Using pullups/downs with output ports is not usually done (although I believe it still works). I have slightly clarified the article to try and remove the ambiguity. There really shouldn’t be any need to use them on outputs because output ports are driven.
This is exactly my question. I have a continuous servo attached that for some reason starts spinning.
I’m guessing this is the floating state, hopefully this removes it.
Thanks for the explanation above, really clear.
Also is there any way to disable the power (5v from the rasp, pin 2) so the motor isn’t drawing any anymore?
Thanks in advance!
No it’s fixed. It’s physically connected to the 5V rail on the Pi.
If you’re using servos, you might want to try using https://gpiozero.readthedocs.io/en/stable/api_output.html#servo
If you want to “cut power” to the motor, you’d need to use a transistor or mosfet controlled by another GPIO pin. And I believe the recommendation is to always power a motor from an external power source, rather than taking 5V directly from the Pi, because if the motor suddenly takes a large current it may cause the Pi to brownout (reset). There’s a good example here https://raspi.tv/2013/how-to-use-soft-pwm-in-rpi-gpio-pt-2-led-dimming-and-motor-speed-control (but ignore the PWM stuff)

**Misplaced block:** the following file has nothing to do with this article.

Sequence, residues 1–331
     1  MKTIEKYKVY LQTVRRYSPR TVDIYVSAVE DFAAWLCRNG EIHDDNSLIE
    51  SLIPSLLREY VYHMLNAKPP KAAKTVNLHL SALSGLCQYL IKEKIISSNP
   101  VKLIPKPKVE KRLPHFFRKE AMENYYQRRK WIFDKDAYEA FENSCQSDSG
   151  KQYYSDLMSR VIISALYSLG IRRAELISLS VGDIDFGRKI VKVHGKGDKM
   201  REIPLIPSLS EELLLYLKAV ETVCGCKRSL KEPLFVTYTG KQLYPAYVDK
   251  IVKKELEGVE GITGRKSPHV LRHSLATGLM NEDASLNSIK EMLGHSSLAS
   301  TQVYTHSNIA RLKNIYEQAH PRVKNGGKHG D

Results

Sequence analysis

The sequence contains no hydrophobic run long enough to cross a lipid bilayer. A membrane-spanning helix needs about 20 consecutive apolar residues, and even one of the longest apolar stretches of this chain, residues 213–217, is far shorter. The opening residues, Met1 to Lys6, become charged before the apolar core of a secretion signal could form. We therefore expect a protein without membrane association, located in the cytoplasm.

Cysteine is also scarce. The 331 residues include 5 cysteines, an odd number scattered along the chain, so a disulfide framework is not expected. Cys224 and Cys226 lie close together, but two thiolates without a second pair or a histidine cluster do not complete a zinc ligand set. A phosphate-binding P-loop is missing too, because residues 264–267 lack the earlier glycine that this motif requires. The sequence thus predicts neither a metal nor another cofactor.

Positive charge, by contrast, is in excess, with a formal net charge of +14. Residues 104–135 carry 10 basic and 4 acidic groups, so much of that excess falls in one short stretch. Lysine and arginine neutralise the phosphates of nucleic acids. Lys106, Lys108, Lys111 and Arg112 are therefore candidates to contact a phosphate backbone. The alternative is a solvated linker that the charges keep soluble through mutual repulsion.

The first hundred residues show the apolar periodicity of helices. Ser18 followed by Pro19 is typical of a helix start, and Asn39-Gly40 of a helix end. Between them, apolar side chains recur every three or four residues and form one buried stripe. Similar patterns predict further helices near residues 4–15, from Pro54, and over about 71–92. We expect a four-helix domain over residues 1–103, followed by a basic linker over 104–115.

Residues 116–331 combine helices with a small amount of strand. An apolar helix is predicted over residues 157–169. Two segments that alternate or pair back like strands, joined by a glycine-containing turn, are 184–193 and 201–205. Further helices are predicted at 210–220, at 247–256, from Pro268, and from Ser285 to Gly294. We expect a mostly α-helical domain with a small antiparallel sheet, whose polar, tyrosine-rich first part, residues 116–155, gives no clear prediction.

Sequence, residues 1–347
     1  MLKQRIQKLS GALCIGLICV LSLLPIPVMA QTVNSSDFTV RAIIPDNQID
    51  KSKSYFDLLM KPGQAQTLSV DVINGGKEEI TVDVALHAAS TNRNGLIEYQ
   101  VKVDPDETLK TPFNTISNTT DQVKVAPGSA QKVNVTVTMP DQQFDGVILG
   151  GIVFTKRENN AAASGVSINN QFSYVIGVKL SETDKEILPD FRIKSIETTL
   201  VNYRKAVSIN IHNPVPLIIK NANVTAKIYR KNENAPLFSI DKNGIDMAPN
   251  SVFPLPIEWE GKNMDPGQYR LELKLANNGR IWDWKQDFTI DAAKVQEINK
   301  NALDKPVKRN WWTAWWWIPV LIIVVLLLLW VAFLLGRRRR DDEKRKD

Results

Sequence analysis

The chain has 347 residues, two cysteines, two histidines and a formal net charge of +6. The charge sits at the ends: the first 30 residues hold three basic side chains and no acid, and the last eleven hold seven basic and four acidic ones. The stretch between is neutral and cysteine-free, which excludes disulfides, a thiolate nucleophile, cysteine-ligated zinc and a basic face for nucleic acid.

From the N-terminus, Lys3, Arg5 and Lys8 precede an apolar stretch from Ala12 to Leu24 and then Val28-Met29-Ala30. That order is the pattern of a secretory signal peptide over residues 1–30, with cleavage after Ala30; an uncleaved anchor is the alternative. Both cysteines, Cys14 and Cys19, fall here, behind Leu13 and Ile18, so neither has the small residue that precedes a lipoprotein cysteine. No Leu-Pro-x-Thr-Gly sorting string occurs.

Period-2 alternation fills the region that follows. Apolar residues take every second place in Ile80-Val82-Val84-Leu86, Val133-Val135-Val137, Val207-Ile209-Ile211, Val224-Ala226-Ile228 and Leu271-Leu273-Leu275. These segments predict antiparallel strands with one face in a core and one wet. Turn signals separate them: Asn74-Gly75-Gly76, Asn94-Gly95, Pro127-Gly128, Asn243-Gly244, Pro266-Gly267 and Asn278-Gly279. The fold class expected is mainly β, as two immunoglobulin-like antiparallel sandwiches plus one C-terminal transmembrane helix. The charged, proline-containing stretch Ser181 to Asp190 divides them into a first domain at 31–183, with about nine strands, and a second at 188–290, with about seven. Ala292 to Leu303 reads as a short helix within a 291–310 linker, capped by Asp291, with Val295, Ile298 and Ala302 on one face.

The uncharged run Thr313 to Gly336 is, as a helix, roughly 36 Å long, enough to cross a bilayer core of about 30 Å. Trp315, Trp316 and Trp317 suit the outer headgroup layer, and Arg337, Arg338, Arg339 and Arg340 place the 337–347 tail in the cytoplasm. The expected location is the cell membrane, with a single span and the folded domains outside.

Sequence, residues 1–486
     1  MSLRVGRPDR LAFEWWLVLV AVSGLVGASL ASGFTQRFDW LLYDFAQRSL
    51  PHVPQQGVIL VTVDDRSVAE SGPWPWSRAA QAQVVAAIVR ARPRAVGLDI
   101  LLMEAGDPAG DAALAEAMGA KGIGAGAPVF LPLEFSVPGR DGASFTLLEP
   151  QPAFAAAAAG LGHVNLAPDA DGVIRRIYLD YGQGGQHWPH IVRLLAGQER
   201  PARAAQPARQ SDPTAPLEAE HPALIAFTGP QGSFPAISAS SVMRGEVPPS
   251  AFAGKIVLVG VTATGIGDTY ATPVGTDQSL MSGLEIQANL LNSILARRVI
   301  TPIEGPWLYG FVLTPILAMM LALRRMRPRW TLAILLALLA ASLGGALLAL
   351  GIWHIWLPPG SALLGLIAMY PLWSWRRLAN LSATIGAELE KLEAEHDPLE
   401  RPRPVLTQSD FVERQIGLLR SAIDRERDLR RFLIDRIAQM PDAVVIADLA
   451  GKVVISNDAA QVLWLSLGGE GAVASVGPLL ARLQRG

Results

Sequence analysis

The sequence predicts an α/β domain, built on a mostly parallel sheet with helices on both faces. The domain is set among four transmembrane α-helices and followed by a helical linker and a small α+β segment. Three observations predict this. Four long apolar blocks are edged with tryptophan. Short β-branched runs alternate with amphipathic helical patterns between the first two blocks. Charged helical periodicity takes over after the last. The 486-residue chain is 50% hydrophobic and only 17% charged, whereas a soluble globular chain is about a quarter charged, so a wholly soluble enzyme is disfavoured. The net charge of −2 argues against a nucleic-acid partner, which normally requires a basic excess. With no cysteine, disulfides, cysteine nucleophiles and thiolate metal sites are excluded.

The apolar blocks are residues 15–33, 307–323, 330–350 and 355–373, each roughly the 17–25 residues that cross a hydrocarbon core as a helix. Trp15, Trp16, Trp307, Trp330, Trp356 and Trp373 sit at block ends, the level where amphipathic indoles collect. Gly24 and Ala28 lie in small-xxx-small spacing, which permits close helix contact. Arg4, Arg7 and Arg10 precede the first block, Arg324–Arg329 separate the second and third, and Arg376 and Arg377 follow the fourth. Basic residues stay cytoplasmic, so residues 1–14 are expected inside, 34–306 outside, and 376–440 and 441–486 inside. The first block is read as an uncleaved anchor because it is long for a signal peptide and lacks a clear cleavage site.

I think your code examples incorrectly reference Line 12 when explaining the SLEEP function – copied from the previous day’s example. Should this be ‘Line 15’ in this combined example?
Corrected. Thanks for spotting that :)
Hello, is it a good idea to connect 5V directly to GPIO?
As I read, GPIOs are mage for 3.3V, from long term perspection it could harm rPi.
But good tutorial anyway.
No it definitely isn’t.
If you need to connect a 5V signal to the Pi, you can use something like https://shop.pimoroni.com/products/sparkfun-logic-level-converter-bi-directional
If you want to apply a current from GPIO 24 to ground, shouldn’t the LED in the picture be reversed? Anode towards gpio and cathode towards and?
Hi Ola. That’s exactly how it is wired. The flat side of the LED is -ve (GND).
Thanks for the prompt reply…
But on your pic the long LED leg (anode) is not towards GPIO. This is the opposite of all other examples I have seen… Do a picture search on Google on:
“led example raspberry pi anode cathode”
In the real world you can often (but not always) use leg length as an indicator of anode/cathode, but you should not use that on cartoon-like Fritzing diagrams to determine LED polarity. If one leg is lengthened for the sake of the diagram, it does not suddenly make that leg the anode. Also, if both legs are pushed into the breadboard in parallel, they would be the same length, so how would you tell? (Actually, in Fritzing, you’d look at the leg with the bend at the top and that would be your anode.) You should ignore leg length in Fritzing diagrams. There is a more reliable way to tell…